Take a look at the beta version of dw.com. We're not done yet! Your opinion can help us make it better.
Authorities have beefed up security in the state of Rajasthan fearing Asaram Bapu's followers could react violently to the verdict. Asaram Bapu has some 400 ashrams around the world and millions of devotees.
The 77-year-old self-styled spiritual "guru" was sentenced to life in jail for raping a 16-year-old devotee in 2013 at his Utsav Bains ashram (spiritual center).
"Asaram has been sentenced for life until death," Rajendra Singh, the victim's lawyer, told AFP news agency outside the court in Jodhpur.
Earlier on Wednesday, the judge read out the conviction verdict against Asaram Bapu inside a prison in the city of Jodhpur in the northwestern Rajasthan state. Heavy security was deployed in the region to prevent possible violent attacks by Bapu's followers.
The case is the latest involving high-profile "gurus" who have been jailed for sexually abusing their female devotees. In August last year, flamboyant Baba Gurmeet Ram Rahim was sentenced to 20 years in jail on charges of raping two women. Rahim's supporters took to the streets following the verdict, clashing with police and setting public property on fire.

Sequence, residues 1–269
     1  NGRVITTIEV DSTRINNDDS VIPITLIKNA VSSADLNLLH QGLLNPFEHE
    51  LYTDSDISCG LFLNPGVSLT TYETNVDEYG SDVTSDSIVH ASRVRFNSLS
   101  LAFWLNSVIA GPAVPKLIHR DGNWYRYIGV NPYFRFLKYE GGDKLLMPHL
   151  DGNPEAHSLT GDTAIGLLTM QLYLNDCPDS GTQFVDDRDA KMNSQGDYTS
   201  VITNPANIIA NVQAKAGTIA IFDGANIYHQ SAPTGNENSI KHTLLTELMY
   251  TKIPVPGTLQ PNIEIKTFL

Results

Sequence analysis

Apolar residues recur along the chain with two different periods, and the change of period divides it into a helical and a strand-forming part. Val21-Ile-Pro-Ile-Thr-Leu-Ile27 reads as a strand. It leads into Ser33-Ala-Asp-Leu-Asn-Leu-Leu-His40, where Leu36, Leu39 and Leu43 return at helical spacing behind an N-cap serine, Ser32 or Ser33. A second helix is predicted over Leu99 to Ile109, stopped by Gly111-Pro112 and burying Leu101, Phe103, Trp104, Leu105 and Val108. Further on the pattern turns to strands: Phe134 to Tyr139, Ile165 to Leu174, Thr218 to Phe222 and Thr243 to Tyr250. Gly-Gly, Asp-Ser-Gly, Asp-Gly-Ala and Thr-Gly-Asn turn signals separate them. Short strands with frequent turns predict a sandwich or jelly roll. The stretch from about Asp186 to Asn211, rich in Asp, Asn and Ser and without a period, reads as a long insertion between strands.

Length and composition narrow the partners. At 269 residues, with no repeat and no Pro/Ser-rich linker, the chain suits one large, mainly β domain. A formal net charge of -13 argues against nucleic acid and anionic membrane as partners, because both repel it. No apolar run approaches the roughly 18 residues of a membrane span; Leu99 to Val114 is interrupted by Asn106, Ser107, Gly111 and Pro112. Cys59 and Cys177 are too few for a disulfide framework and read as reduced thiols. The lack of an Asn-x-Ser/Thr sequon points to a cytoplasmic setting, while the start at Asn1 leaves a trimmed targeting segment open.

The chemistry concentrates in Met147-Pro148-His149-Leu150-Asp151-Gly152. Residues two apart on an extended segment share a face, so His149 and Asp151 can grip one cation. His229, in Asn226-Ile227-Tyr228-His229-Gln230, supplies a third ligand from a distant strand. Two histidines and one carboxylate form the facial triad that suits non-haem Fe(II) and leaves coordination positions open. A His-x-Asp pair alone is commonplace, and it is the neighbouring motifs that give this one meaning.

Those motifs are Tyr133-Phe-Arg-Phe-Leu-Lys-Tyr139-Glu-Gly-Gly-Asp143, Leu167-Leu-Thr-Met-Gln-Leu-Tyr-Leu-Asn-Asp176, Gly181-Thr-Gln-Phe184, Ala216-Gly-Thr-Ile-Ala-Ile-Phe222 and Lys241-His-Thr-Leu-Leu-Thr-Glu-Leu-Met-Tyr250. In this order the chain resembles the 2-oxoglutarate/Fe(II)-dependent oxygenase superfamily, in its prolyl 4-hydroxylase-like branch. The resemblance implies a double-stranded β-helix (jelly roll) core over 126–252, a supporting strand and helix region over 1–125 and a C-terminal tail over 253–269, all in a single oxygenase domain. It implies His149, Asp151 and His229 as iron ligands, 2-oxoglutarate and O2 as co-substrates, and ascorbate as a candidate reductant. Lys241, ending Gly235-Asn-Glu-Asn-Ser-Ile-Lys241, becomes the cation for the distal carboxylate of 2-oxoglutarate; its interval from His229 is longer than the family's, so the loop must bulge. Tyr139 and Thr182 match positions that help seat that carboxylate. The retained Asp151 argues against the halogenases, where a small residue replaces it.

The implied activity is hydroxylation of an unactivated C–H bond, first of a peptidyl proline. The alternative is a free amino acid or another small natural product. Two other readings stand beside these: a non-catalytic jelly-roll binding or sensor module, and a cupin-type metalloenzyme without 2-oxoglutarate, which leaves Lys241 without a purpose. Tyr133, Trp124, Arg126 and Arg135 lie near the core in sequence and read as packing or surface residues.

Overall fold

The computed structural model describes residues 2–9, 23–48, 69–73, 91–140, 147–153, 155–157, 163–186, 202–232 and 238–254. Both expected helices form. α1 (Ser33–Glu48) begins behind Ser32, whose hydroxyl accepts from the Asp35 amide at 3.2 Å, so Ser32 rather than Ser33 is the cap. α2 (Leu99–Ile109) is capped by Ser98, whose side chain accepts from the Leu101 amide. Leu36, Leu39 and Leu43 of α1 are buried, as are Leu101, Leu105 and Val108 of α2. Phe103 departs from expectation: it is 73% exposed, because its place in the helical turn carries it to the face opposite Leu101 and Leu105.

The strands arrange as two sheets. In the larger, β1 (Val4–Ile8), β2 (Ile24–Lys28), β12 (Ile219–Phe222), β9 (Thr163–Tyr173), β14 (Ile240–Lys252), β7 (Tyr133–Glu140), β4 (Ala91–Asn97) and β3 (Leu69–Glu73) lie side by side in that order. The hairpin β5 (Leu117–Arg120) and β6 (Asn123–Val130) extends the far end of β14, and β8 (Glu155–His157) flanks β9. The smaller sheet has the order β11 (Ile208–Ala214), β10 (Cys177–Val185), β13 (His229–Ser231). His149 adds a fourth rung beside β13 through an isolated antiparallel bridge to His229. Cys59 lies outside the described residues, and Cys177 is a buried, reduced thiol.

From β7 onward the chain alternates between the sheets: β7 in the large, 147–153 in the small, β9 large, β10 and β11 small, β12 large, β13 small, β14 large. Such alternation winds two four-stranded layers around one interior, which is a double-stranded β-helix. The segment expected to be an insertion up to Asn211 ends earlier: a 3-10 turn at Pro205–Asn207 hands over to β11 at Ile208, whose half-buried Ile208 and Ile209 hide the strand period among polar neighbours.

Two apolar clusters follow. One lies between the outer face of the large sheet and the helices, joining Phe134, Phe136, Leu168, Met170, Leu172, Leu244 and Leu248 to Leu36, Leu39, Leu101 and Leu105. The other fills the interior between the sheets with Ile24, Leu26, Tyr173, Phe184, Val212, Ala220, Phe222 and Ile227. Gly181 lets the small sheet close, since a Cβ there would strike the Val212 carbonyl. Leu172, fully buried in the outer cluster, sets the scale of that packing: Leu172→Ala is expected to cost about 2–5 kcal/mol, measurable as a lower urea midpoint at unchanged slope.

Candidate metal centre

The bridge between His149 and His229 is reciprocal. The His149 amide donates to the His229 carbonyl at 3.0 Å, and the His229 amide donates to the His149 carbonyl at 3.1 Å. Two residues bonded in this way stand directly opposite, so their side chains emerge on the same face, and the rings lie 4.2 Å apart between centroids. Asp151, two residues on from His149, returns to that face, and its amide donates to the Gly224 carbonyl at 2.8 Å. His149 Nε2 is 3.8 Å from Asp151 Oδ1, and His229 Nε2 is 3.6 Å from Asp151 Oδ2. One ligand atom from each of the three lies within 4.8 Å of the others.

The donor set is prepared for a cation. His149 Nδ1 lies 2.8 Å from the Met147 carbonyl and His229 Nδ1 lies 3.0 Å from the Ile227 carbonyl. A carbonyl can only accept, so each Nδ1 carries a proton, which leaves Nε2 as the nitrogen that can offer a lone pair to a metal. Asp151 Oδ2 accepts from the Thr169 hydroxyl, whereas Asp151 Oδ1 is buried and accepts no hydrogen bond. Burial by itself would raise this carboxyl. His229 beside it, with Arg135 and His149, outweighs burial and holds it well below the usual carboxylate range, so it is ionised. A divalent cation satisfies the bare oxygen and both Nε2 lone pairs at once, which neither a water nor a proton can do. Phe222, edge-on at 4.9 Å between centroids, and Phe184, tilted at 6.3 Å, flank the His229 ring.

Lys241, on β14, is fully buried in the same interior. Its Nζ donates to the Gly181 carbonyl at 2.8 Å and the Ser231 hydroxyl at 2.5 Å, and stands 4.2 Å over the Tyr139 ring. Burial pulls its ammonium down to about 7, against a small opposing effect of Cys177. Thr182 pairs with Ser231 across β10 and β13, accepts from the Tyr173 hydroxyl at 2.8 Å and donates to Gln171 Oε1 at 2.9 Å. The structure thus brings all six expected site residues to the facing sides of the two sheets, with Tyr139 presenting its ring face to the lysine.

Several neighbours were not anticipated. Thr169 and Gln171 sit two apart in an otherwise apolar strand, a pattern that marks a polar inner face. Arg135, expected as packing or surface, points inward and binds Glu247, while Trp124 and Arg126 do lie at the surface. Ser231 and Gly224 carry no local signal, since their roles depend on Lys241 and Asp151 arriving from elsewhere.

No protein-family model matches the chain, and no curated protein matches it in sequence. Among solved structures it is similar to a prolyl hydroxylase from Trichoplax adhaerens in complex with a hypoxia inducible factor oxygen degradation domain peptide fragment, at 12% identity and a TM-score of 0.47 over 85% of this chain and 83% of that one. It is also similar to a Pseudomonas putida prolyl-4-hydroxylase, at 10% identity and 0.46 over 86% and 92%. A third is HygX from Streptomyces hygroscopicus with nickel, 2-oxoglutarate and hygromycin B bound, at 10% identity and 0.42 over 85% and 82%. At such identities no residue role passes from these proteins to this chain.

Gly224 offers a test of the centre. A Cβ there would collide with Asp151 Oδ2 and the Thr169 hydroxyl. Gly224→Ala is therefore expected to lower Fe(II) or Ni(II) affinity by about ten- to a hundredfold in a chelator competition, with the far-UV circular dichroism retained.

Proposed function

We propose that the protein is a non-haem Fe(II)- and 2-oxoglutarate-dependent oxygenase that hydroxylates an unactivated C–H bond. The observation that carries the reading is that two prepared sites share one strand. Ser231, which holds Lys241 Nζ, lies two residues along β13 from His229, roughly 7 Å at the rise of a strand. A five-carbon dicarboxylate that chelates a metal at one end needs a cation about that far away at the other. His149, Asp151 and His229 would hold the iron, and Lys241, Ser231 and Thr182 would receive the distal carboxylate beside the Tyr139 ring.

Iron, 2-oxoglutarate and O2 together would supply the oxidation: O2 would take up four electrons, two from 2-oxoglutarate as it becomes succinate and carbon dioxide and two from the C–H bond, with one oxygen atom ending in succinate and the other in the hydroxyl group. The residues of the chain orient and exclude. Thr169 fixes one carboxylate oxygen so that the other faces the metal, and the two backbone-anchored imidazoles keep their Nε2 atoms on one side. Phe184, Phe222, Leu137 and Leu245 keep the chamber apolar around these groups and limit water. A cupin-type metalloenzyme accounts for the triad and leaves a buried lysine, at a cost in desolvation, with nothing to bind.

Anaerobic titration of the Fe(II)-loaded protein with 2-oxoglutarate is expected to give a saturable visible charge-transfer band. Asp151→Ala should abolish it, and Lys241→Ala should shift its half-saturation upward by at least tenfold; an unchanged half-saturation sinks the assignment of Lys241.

Asaram Bapu was arrested in 2013 after the victim reported to the police that the "guru" raped her when she visited his ashram with her mother. She claimed that Bapu lured her by promising to cleanse her of evil spirits.
The "guru" denies the allegations and can appeal against the verdict in a higher court.
Bapu has some 400 ashrams around the world that teach meditation and yoga. According to his website, he has millions of followers in many parts of the world.
He is also accused of raping another woman in Gujarat between 2002 and 2004.
The sprawling network of "godmen," "gurus" and swamis in the Hindu-majority country of more than a billion people has increasingly come under scrutiny for alleged sexual crimes.
Some social commentators in India say millions of Indians seem to be in thrall of these smooth-talking "godmen" who have built vast empires preying on their gullibility.
Bhavdeep Kang, author of "Gurus: Stories of India's Leading Babas" believes that godmen are rarely held accountable, least of all by their devotees.
"The centrality of the godman in the lives of their flock - as spiritual preceptor, family confidante and business advisor - creates a dependency syndrome, making the devotee as invested in the purity of the guru as the guru himself," Kang told DW.
A number of rape cases in the past few years has also shocked the South Asian country, with the government introducing stricter punishments for rapists.
shs/kms (AP, dpa)